With the advent of the fourth technological revolution, the widespread accessibility of devices such as smartphones and tablets has ensured that we all remain connected to the net daily. We all have a wealth of information and resources at our fingertips constantly, as each of our devices comes with an assortment of programs and services pre-installed that are designed to make our lives easier. While many of us use these services on a regular basis, few of us ever stop to think about how or why our phones and tablets are able to perform the functions they can. Generally, most of us write off these services as built into the operating system of our device, and then never think about the whys and hows again.
Few of us know what application product interfaces (APIs) are, even though we use them for a variety of purposes every single day. Peeling back the layers of our tech and attaining a deeper understanding of the mechanics of our devices reveals a vast network of agreements between services, a deliberate and purposeful integration of services to bring us, the consumers, a seamless experience. APIs are working on our behalf every second of every day to streamline our service, essentially enabling the fast-paced, digitally oriented culture we’ve metamorphosed into over the last decade.
From downloading a weather widget on your phone to the Paypal option on an e-commerce website, APIs have been a part of your life ever since you first logged on.
Whether you’re an aspiring app developer, a market-wise computer enthusiast, or just someone curious about how their technology works, knowing about APIs is a must for anyone who has an interest in how our digitally-intertwined culture came to be.
APIs: Handshakes Between Applications
Take a quick look at your smartphone’s home screen. How many applications do you have downloaded, and how many came pre-installed with the phone? And how many of them work together, using aspects of other applications (such as a Google account login option on a third-party app or a Paypal payment widget on an e-commerce site) to get you from point A to point B effortlessly?
The closer you look at your tech, the more you might begin to realize that there is an unseen network between the applications on your phone, one where the developers have agreed to share certain functions and data with other applications in the service of streamlining your user experience. These agreements are called APIs, and they allow one application to communicate with others without needing the constant supervision of the manufacturer, usually under certain terms.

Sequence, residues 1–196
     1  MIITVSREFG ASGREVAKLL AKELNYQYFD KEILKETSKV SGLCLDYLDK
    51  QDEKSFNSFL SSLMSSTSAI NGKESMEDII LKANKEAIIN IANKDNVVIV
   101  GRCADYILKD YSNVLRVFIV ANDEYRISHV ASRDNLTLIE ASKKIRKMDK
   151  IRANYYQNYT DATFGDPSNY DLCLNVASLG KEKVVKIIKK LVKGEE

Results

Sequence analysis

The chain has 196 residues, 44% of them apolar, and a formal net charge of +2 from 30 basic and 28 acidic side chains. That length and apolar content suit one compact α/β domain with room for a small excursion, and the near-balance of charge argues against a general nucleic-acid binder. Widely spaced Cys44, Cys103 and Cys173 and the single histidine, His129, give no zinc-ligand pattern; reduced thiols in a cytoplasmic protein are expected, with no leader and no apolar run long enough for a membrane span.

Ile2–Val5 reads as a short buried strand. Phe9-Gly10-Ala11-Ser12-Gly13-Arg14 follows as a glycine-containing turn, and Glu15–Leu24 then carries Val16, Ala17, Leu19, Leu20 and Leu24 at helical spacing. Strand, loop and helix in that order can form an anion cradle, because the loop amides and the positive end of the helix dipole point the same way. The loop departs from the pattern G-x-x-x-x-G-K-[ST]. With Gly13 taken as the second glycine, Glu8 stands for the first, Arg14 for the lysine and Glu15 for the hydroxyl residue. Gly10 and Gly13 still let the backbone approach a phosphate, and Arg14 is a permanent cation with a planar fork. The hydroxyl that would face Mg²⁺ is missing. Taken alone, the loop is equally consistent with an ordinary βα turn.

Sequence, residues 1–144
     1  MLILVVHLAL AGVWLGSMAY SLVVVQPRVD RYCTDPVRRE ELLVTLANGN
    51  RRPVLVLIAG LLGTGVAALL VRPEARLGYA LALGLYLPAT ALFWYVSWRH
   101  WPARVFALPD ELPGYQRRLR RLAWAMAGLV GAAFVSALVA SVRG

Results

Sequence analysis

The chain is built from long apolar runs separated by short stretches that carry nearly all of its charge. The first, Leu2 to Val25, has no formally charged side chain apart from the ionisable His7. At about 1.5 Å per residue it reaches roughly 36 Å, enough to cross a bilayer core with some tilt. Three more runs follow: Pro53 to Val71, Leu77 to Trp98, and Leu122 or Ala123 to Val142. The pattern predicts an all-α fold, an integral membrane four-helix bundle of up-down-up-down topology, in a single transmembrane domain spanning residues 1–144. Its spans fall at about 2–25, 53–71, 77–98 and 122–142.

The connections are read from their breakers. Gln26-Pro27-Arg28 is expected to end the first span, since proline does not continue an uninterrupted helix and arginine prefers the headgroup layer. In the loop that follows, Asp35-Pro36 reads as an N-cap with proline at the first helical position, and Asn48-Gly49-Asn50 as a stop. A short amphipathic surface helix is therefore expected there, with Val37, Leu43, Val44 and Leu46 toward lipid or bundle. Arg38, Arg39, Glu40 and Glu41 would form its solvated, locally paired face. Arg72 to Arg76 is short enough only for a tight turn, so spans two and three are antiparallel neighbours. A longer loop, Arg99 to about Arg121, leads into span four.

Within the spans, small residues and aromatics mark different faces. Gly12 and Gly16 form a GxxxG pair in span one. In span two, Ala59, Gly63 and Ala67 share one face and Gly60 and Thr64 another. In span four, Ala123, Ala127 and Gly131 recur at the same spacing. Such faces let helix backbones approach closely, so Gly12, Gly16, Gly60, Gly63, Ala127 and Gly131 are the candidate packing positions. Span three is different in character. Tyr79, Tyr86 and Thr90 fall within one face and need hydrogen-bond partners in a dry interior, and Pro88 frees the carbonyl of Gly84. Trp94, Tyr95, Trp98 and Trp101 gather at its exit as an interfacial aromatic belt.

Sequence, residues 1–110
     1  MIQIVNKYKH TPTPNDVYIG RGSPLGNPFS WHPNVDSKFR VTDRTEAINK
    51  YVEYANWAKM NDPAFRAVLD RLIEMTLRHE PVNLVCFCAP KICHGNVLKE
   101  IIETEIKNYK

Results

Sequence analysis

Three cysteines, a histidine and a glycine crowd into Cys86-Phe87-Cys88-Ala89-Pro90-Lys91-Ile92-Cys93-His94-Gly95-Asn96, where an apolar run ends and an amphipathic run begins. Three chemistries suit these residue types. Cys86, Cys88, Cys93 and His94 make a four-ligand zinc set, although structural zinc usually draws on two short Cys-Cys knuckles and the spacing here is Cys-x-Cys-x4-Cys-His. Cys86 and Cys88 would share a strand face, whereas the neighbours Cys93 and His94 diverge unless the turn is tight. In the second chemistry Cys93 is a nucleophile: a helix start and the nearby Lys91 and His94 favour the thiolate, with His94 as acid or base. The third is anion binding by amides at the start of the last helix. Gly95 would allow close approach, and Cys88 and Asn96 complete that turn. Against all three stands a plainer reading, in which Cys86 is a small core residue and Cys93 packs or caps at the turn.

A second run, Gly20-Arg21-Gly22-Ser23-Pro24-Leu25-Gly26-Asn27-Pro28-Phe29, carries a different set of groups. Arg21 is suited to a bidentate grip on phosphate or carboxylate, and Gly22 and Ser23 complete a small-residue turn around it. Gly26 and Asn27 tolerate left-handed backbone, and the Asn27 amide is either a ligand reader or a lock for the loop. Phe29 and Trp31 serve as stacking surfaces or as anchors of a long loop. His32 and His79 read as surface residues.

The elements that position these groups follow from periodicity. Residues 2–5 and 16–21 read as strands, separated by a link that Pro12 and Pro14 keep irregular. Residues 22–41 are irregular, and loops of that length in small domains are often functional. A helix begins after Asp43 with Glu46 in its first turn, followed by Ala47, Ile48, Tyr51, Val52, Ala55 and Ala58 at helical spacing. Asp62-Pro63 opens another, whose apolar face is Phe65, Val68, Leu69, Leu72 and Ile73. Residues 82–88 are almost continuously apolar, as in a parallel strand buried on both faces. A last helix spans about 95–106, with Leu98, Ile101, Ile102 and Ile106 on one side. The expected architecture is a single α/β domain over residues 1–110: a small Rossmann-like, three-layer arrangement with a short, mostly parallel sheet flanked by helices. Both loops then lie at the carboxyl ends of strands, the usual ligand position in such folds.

APIs can be public, meaning anyone can integrate third-party software with a given program, or private, meaning that it’s a closed agreement between two parties (usually intended to meet a specific, often corporate, need). Public APIs are especially useful for people looking to develop their own applications, as it allows them to integrate their brand new software into an already established framework with a thriving customer base.
A Fluid Customer Experience
Without APIs, none of the systems on your phone or computer would be able to communicate with one another, requiring you to use each service individually. While this is theoretically possible, it would be a slower and much less efficient means of conducting business, and would make some functions that your services perform (such as tracking packages through a USPS tracking number) downright impossible.
APIs are responsible for bringing disparate technologies together, allowing them to work collaboratively to bring you the most efficient service possible; without them, it’s doubtful that our culture would be able to function the way it currently does.
An API For Every Need
When given a chance, you may want to browse the network of available public APIs. You might be surprised at how many services out there are publically available for new tech to integrate with; even those that have paid access can provide a valuable service for those looking to develop their own applications. Regardless, knowing about APIs helps crack the code of our interconnected culture, enabling people of all backgrounds and professions better understand our digitally-interconnected world.